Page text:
Transplant Boxwood: How To Do It

Last updated on October 23rd, 2023 at 08:42 pm

Transplant Boxwood: How To Do It

A boxwood can be transplanted without any problems. What you need to consider and what utensils are helpful, you will learn in this article.

Boxwoods grow evergreen and are often planted as hedges. Sometimes it is necessary to transplant boxwoods: If you need the space, want the plant somewhere else, or want to make sure your boxwood grows extensively. Transplanting is stressful for any plant, and boxwoods are no exception. For this reason, you should proceed properly and follow our tips.

Transplanting boxwood: What to consider

Transplant Boxwood: How To Do It

Transplant Boxwood: How To Do It

Timing:

  • The best time is in autumn (circa September) or spring (circa March).
  • The day should not be full sun and hot, and also not wet. A dry or/and cloudy day is best. Likewise, there should be no frost or drought.
  • Avoid transplanting the boxwood during flowering. At that time you should leave your plants alone.
  • When should you transplant your boxwood in the first place? The first replanting should be done after the plant has reached its basic shape. This can be achieved by regular pruning. See our article Pruning, planting and overwintering boxwood: our gardening tips. After that, transplanting is possible about every two to five years.


The new location:

  • The new location should be bright, but not full sun all day. The boxwood does not like full sun so much. Therefore, it is best to choose a semi-shaded location.
  • At best, the soil should be calcareous and loamy.
  • Transplanting boxwoods that have grown together, for example, a hedge, is not recommended, but not impossible.
  • Boxwoods are shallow growers. So keep enough distance from other plants.
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How to transplant a boxwood

Transplant Boxwood: How To Do It

Helpful utensils:

  • Spade
  • sharp secateurs
  • tape measure or meter stick
  • garden or work gloves
  • if necessary, bucket with water


How to do it:

  • Prune out the boxwood in its old location. The root ball should be about as wide as the boxwood itself.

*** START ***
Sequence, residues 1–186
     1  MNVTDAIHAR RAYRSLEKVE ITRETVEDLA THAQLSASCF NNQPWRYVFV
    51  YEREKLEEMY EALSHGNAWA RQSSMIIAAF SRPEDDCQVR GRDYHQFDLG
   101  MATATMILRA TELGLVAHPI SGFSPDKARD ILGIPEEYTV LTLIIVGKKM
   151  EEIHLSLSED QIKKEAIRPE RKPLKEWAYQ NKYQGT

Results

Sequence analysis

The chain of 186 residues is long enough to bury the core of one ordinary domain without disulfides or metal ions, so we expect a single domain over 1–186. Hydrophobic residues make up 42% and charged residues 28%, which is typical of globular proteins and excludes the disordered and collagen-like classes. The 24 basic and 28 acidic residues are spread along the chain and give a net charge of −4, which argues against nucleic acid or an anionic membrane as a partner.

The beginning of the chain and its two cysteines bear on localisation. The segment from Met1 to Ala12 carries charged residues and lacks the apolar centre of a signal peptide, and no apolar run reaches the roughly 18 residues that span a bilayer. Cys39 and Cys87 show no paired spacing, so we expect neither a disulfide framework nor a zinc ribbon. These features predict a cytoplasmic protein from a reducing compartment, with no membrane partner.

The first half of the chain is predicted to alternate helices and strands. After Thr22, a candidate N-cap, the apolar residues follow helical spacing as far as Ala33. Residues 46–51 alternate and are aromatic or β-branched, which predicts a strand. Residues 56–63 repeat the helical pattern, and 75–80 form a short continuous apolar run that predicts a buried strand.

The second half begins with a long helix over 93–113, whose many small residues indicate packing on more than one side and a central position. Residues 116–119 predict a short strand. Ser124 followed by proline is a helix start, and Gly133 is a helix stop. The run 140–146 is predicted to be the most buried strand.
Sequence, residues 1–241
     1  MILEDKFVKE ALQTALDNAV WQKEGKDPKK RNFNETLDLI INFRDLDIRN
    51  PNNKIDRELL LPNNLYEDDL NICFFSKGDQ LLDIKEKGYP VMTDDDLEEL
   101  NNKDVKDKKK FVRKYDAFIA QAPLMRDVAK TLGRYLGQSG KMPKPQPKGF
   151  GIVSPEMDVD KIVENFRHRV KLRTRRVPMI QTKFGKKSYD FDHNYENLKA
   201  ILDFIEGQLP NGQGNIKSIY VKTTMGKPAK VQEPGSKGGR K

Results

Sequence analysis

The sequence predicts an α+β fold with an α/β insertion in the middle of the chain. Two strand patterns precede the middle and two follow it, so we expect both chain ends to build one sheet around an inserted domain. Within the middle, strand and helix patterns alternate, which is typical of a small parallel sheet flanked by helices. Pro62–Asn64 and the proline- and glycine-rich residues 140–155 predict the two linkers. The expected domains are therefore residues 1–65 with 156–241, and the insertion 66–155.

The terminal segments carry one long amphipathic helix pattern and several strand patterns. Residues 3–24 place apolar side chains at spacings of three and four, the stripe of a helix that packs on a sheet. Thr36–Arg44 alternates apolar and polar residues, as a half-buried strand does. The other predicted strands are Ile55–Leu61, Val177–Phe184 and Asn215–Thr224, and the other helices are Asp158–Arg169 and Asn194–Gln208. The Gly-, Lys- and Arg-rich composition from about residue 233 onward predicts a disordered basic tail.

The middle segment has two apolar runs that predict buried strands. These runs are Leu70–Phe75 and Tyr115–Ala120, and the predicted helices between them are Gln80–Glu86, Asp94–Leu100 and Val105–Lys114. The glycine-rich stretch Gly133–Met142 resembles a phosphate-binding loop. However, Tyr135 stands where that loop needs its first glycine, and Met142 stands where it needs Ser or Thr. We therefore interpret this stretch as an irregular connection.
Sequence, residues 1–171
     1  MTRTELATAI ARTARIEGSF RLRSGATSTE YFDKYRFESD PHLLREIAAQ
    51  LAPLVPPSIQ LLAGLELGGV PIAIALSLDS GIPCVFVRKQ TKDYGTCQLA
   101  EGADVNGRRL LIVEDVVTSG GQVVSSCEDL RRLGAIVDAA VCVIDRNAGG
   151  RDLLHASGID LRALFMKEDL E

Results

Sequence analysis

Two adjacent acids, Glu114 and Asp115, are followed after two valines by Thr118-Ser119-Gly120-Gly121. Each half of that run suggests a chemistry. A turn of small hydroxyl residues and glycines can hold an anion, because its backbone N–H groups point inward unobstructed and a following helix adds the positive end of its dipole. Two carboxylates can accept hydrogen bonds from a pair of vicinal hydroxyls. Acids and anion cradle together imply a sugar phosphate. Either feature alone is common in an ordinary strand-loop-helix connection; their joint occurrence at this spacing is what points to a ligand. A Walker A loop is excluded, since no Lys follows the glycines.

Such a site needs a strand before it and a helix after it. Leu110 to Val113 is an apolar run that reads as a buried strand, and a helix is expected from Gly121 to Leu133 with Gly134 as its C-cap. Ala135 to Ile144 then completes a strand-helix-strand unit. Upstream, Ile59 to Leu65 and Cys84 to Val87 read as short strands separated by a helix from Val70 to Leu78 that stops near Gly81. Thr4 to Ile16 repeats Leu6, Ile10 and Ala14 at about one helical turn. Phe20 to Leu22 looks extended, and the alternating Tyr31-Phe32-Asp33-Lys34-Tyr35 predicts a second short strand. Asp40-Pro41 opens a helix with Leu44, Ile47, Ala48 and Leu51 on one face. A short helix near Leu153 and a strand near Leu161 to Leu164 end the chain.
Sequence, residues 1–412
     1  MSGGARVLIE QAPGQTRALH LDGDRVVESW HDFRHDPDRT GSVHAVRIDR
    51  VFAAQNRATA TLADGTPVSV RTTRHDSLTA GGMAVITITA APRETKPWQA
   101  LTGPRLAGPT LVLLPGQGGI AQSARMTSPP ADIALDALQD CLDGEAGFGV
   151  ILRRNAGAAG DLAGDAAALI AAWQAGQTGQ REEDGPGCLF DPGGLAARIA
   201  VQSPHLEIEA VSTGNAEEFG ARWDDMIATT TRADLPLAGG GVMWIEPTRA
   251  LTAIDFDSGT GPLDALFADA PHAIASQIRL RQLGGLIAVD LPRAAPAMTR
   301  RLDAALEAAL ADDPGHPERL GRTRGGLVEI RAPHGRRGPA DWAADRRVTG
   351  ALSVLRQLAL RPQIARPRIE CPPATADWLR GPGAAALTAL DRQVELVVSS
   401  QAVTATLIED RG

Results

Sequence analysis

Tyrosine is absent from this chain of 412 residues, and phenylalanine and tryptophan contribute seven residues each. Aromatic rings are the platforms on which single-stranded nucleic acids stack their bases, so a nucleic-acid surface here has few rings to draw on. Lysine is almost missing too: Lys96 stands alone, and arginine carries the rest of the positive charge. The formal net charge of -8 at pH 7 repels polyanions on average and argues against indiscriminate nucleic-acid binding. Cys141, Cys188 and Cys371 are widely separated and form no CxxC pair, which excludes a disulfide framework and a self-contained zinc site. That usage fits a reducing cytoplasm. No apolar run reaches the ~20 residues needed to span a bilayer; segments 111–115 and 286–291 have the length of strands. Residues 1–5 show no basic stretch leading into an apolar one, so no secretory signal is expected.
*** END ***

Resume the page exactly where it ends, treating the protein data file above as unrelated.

• If your boxwood is older, root pruning is recommended. The roots are then often bent and long. Pruning promotes the growth of new, strong roots. Use sharp pruning shears or loppers for this purpose. Only cut off thicker, older roots and any dead roots, not the small, fine roots (!). These are important for water absorption.
  • Place the excavated tree temporarily in a bucket filled with water. Then the root ball can soak up moisture.
  • Dig a hole that is about 15 centimeters wider than the root ball. The depth should be at least the length of the root ball, about 25 to 30 centimeters. The base of the root ball should be approximately flush with the ground.
  • Mix the excavated soil with plant soil, compost and/or horn shavings to enrich it with nutrients.
  • Place the boxwood plant in the center of the planting hole and fill it with substrate. Press everything down well all around. You can also carefully walk around the boxwood to firm up the soil with your body weight.
  • Water the transplanted boxwood properly. You should also increase watering over the next two to three weeks. However, the plant should only be kept moist and not wet. This will allow the roots to bond with the soil in the new location.
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Note: If the box tree gets yellow leaves a short time after transplanting, you should cut the tree back a little. Because then the roots are no longer sufficient for a sufficient supply. In addition, you can then fertilize the plant. Use organic fertilizers such as compost.

Transplanting boxwood in a pot

Transplant Boxwood: How To Do It

If you have a boxwood in a pot, it is advisable to repot it every three to four years. The older and larger a box tree becomes, the more nutrients it needs. If the pot is too small, nutrients are often scarce and the tree cannot develop properly.

  • Choose a pot that is a few inches larger in diameter than the current one.
  • The pot should have bottom openings to allow excess water to escape and prevent waterlogging. If the pot does not have this, you can also drill holes in it yourself. In addition, you should create a drainage in the form of pebbles or shards of clay.
  • Glazed pots are best, as they do not dry out so quickly and can hold the nutrients.
  • Otherwise, proceed as you would with boxwood outdoors: Prune the roots, water the tree, enrich the soil, put the tree in the new pot and water it properly.

Author

  • James Jones

    Meet James Jones, a passionate gardening writer whose words bloom with the wisdom of an experienced horticulturist. With a deep-rooted love for all things green, James has dedicated his life to sharing the art and science of gardening with the world. James's words have found their way into countless publications, and his gardening insights have inspired a new generation of green thumbs. His commitment to sustainability and environmental stewardship shines through in every article he crafts.

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